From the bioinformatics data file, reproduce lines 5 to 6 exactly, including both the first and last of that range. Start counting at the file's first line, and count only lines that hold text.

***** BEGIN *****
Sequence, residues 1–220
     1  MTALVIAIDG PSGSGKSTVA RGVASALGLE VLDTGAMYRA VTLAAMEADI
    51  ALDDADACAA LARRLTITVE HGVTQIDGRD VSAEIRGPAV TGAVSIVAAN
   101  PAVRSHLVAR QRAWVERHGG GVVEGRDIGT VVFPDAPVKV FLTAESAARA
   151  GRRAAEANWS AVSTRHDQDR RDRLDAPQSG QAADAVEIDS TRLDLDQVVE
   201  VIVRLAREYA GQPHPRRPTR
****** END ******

   151  GRRAAEANWS AVSTRHDQDR RDRLDAPQSG QAADAVEIDS TRLDLDQVVE
   201  VIVRLAREYA GQPHPRRPTR